The Independent Book Publishers Association (IBPA) opened its 27th annual “Publishing University” at BookExpo America on May 22 with the “Great Debate,” a discussion first introduced at the 2011 London Book Fair. This time, it featured an especially provocative statement for discussion by a panel of experts: “Authors and readers are all that matter. Publishers will soon be irrelevant.”
Audience members were invited to vote before and after the debate. While only a portion of the audience voted before the debate, 57 favored publishers, while 18 voted against, with 8 undecided. It bears mention that the audience itself consisted mostly of publishers.
Moderators were Susan Danziger, CEO of DailyLit and Michael Healy, executive director of the Book Rights Registry. Panelists included Mark Coker, founder of Smashwords; Daphne Kis of SheWrites.com; Richard Nash, founder of Cursor; and Rudy Shur of Square One Publishers.
Kis voted against publishers, arguing that readers and writers have always been the sole reason for publishing, starting long before today’s power shift. She followed by explaining why authors and not publishers are ultimately responsible for cultivating audiences, in spite of the uneven quality too often observed in self-published books. Traditional publishing “is a broken business model,” she added in the post-debate Q&A.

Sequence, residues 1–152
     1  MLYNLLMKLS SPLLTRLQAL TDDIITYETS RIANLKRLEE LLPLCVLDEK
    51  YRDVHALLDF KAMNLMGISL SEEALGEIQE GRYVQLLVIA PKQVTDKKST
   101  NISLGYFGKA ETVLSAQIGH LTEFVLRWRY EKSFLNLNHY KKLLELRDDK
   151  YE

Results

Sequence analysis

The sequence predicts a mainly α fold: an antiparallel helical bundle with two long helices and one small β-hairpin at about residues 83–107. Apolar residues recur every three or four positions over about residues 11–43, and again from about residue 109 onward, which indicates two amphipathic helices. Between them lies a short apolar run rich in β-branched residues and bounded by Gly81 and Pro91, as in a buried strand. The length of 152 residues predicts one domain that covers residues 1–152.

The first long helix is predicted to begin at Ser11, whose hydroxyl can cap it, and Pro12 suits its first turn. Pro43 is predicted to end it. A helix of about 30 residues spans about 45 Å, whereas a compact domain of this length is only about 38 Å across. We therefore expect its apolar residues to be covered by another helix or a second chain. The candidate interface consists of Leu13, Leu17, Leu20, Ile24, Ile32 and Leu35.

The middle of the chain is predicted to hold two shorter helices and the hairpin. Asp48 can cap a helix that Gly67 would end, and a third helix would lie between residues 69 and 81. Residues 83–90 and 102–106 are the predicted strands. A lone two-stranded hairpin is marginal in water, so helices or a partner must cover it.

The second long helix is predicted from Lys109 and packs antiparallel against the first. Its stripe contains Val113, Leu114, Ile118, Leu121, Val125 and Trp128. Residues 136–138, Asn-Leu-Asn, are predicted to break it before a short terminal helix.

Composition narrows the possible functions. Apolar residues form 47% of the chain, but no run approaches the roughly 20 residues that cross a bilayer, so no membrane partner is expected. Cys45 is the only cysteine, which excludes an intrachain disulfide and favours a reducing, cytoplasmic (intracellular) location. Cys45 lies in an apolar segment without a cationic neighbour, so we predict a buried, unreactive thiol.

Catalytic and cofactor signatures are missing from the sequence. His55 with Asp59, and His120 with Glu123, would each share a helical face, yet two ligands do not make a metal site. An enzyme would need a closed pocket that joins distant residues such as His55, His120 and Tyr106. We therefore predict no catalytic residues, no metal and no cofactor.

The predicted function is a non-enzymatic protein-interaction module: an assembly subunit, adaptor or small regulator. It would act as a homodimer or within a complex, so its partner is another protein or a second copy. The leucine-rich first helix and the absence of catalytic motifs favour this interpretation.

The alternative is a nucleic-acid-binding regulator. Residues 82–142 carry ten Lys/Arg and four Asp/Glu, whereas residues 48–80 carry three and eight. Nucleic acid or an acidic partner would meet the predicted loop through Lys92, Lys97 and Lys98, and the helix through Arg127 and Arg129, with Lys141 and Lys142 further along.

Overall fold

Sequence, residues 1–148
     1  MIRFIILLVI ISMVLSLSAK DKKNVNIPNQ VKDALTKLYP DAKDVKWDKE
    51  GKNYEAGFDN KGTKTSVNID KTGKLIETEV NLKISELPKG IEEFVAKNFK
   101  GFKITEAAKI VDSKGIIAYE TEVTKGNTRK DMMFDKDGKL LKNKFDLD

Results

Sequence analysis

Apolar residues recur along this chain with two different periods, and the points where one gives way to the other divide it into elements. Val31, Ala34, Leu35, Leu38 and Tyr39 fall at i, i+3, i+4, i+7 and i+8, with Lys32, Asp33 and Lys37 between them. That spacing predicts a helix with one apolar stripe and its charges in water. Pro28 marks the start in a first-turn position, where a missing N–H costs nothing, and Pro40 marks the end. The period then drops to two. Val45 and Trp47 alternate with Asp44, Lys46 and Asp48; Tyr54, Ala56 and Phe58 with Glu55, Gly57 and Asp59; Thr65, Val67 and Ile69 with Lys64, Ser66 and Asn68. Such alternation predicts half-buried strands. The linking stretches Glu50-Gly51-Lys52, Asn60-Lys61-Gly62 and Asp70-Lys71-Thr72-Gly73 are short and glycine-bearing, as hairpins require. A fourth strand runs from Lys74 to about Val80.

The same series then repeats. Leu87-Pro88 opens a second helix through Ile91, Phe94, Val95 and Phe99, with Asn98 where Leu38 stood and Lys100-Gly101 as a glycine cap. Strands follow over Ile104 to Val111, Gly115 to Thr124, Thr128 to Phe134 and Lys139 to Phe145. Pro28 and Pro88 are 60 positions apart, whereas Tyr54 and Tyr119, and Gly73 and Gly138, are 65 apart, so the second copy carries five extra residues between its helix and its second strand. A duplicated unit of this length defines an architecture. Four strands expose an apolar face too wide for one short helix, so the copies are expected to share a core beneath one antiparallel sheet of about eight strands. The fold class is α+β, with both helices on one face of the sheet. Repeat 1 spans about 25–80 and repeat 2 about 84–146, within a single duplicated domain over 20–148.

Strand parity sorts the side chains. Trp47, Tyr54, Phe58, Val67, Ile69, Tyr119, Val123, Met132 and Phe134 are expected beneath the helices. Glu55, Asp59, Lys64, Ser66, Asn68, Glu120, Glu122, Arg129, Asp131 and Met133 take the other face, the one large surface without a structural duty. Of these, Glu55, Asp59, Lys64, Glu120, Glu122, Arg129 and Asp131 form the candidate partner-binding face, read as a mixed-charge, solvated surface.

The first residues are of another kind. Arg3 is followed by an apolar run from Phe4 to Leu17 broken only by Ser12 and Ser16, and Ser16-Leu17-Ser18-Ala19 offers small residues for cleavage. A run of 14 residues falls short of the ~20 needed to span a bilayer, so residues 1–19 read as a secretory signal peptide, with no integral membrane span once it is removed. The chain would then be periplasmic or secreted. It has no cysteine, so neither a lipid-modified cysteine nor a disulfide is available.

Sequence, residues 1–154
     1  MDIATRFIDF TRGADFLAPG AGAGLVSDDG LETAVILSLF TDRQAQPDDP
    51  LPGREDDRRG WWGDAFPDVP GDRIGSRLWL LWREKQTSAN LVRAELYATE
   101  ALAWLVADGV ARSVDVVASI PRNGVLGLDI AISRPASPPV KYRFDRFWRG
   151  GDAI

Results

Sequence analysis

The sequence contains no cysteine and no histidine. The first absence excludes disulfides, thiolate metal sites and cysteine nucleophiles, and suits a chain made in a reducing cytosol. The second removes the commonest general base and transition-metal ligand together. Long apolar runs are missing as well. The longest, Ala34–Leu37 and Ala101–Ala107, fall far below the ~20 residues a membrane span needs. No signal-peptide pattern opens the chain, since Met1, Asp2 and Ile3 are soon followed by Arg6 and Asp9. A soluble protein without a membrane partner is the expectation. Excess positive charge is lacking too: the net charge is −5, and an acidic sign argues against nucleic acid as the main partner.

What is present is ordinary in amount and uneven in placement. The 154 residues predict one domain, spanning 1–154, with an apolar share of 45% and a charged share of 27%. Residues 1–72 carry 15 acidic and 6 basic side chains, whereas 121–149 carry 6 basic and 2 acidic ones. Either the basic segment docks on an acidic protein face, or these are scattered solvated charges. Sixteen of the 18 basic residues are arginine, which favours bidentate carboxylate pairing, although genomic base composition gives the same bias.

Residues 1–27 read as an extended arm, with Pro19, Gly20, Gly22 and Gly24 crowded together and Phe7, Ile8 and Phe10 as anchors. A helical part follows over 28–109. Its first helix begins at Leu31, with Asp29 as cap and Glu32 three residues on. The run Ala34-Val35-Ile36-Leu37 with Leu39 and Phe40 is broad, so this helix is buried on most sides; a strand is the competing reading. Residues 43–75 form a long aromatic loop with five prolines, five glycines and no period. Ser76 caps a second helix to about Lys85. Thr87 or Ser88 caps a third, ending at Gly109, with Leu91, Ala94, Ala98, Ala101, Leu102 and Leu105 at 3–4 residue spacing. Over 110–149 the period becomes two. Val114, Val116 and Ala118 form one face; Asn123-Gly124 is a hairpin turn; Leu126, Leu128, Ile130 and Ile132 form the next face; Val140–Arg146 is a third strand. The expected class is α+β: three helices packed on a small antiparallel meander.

Shur disagreed, arguing that POD service companies are not publishers at all, but merely printers that offer order fulfillment in addition to printing. Publishers, he continued, take control of quality… and that a handful of them still control the overwhelming majority of books sales, both in print and digital form.
Coker countered with a lyric from a song: “a message of hope for those who will listen, and a warning for those who will not.” He argued that authors and publishers have inherently contrary interests, and that writers are now winning a battle that has been waged for centuries. Slamming inefficient and inequitable traditional publishing conventions, he predicts the downfall of big publishers -- except those who embrace a completely new paradigm for publishing in the 21st century.
Nash closed in favor of publishers, citing 18 million creative writers today who want to reach the 65 million consumers who spend five hours a week reading. He concluded that publishers are the essential link between readers and writers, especially independent publishers.
Not surprisingly, in the post-debate balloting (with a larger portion of the audience participating), the publishers in the audience voted for themselves again -- but in smaller proportion: 68 voted for publishers; 33 voted against publishers; 9 were undecided